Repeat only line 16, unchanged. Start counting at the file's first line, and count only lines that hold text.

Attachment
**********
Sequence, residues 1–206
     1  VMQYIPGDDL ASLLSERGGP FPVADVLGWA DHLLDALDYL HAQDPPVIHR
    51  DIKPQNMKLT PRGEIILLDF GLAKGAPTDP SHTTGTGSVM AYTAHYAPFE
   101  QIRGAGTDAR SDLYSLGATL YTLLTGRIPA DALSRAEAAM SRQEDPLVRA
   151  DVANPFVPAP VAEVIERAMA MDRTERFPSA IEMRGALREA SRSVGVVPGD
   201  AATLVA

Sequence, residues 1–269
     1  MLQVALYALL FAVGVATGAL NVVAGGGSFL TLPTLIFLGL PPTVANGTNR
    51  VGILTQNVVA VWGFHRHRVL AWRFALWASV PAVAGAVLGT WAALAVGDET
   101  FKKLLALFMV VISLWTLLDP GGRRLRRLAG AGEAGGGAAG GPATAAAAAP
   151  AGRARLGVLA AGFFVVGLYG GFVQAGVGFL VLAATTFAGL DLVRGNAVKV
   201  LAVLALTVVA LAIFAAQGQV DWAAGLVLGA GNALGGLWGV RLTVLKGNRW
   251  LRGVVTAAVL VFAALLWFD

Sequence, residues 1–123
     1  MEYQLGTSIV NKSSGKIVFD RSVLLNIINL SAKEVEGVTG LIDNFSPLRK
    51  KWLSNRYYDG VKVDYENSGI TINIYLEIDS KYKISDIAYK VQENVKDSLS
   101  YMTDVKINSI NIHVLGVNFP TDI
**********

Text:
    51  KWLSNRYYDG VKVDYENSGI TINIYLEIDS KYKISDIAYK VQENVKDSLS